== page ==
Bühler technology helps to reduce sorting costs by up to 90 per cent

SORTEX F inside view. (Image source: Bühler)

Bühler technology is enabling the world’s largest fig grower to double its processing capacity to 20,000lbs per hour and reduce increasingly expensive costs associated with sorting, by up to 90 per cent

The SORTEX F sorter is helping The Specialty Crop Company to provide their customers with dried figs that are free from damage and foreign material, including wood, rocks, puncture vines, bird pecks, sunburn and mold.

Kevin and Diane Herman founded the California-based business in 1989 and although figs are their main product, they successfully grow kiwi, persimmons and pomegranates.

Speciality Crop’s ranches are located in California’s Madera and Merced counties. About 5,500 tonnes of figs a year are processed at Specialty Crop’s Madera plant, consisting of five main types such as Mission, Conadria, Sierra, Tiger and Brown Turkey, and a fifth of the crop is grown organically. About 90 per cent of Speciality Crop’s dried whole figs are sold to leading US buyers.

Superior FM and defect detection

Food safety is extremely important for Specialty Crop, as is quality. Kevin explained,

“Our figs are harvested from the field and brought straight onto the cleaning line. The contamination rate is about 15-20 per cent, three quarters of which is because of foreign materials (FM) and a quarter due to defects. Harvesting entails gathering figs off the orchard floor, so a lot of FM is brought into the plant with the figs. FM include small pieces of wood, rocks, sticks and the barbed seeds from puncture vines (tribulus terrestris), that can grow in orchards,” Kevin said.

“The figs can also be imperfect. For example, they can be smashed or have dark spots, or blemishes caused by bird pecks or weather-induced mold – or even sunburn in hotter years. After mechanically cleaning the product, the contamination entering the sorter is around 8-10 per cent,” Kevin added.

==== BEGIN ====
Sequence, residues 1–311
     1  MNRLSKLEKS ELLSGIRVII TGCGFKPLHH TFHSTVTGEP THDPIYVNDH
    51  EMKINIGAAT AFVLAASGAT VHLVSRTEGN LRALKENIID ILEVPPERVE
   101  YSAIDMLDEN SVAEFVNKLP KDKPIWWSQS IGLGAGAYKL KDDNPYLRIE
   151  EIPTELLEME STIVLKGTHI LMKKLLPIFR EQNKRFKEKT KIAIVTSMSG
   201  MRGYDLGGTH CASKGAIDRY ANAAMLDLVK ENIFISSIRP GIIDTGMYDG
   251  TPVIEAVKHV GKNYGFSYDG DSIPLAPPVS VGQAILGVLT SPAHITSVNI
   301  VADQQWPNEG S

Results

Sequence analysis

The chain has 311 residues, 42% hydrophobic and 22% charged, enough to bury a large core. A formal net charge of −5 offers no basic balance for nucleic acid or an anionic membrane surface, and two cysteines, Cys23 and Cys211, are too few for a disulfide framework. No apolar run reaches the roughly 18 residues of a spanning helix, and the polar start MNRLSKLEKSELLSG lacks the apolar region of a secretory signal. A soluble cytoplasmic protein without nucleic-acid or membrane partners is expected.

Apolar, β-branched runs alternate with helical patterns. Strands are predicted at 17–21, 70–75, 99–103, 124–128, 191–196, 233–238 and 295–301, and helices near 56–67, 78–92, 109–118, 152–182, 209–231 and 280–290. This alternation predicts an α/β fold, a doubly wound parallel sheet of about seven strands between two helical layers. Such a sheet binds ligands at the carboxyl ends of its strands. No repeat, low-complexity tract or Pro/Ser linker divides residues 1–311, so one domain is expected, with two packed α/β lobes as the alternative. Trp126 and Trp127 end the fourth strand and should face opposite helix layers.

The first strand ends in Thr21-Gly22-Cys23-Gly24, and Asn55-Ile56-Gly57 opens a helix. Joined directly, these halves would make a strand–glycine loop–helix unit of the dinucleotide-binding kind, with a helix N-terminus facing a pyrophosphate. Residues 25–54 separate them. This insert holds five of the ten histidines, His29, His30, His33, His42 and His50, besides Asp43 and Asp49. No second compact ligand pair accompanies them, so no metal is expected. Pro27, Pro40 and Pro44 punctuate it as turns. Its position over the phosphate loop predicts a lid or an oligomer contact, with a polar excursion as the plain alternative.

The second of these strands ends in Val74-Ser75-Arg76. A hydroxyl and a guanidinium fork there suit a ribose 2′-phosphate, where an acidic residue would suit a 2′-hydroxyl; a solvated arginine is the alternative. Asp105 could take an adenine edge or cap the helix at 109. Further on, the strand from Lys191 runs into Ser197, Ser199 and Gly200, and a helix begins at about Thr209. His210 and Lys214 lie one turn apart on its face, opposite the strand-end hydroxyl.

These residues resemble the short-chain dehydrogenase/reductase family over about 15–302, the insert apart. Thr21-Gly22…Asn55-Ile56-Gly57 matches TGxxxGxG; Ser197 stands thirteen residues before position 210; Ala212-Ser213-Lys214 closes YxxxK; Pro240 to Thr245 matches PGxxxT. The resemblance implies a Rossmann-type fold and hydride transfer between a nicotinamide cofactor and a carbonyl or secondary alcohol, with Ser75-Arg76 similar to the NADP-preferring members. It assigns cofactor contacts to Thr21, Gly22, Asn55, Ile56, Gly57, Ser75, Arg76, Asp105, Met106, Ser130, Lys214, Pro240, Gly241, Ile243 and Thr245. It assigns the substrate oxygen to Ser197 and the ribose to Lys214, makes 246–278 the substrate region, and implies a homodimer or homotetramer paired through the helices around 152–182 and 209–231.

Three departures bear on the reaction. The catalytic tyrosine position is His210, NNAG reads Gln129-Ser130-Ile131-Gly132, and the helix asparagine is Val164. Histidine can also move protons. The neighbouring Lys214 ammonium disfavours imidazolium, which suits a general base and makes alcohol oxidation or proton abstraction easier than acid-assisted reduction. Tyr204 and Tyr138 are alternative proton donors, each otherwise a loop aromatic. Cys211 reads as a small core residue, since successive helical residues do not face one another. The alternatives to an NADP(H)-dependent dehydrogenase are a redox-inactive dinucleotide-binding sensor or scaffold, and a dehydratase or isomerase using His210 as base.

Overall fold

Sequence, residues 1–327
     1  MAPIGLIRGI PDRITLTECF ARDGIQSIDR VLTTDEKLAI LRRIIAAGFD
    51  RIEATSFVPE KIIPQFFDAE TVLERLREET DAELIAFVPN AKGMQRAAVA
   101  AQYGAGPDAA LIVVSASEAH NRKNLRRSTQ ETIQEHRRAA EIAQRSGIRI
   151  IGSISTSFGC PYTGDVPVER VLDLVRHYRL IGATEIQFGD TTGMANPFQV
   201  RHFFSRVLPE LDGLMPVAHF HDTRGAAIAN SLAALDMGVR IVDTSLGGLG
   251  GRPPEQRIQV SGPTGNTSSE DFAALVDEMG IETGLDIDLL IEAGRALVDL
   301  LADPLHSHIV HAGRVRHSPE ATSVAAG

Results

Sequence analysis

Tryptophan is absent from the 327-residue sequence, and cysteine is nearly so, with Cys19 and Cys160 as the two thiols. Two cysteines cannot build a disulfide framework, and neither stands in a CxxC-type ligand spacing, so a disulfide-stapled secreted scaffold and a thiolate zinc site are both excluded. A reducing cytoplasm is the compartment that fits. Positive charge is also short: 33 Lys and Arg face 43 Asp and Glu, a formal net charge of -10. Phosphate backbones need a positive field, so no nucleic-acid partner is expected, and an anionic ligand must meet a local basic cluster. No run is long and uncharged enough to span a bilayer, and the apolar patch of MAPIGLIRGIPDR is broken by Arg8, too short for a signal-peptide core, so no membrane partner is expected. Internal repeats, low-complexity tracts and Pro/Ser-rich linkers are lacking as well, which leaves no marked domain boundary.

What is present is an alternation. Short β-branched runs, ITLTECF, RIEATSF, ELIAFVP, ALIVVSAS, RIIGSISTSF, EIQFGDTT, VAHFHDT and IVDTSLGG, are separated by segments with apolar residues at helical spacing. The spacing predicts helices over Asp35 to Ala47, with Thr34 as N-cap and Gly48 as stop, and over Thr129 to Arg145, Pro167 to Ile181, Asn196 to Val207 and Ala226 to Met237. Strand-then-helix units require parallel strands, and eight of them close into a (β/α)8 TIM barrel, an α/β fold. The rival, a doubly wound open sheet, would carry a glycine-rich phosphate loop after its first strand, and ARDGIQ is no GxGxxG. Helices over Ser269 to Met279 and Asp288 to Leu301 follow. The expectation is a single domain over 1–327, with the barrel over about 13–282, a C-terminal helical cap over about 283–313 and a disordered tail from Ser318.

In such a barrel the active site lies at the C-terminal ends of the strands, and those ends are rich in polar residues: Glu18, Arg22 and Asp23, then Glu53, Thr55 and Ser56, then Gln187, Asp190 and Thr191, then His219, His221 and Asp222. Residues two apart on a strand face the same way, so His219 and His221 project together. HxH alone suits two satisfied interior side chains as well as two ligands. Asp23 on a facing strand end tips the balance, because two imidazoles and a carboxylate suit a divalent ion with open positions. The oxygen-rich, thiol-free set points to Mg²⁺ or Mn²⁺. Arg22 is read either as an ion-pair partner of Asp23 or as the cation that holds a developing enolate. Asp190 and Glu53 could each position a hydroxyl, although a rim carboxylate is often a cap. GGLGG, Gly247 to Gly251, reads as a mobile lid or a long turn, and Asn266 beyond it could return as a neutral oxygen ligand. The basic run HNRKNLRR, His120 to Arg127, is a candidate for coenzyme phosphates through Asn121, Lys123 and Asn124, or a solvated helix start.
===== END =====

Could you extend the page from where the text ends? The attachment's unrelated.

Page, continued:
Quality assurance – vastly reduced labour costs

Quality control requirements can vary from one fig variety to another. “If we’re dealing with whole figs, going into a consumer package directly, they must look perfect. For paste and industrial use, tolerances for defects are greater, since they can be ground up and still used. FM isn’t allowed – neither is mold,” Kevin noted.

“The sorting criteria are easy to set up on the SORTEX F and the sensitivities settings can be adjusted so that I can easily meet my customers’ specifications. Besides this, we can now do it with three hand sorters instead of needing 24. Before we got the sorter, some figs with defects were getting through our handpicking tables. But not anymore, so customer complaints are down,” Kevin expressed.

Double capacity – peerless customer service

Kevin further added, “We are always looking to improve our processes with reliable, innovative technology that can bring benefits to us and our customers. And we wouldn’t be without the SORTEX F, as it has enabled us to achieve far higher yields, with much less rejection of good product, while delivering a greater accept quality.”

Stephen Jacobs, business development manager for North America at Bühler Group, commented, “The advanced camera technology used on the SORTEX F can reliably differentiate between good and bad product, enabling problematic FM and defective product to be accurately removed.”

“Furthermore, Specialty Crop’s choice to invest in the larger F2 model has enabled them to sort 20,000lbs (9,000kgs) of figs per hour – twice what they were able to sort previously.”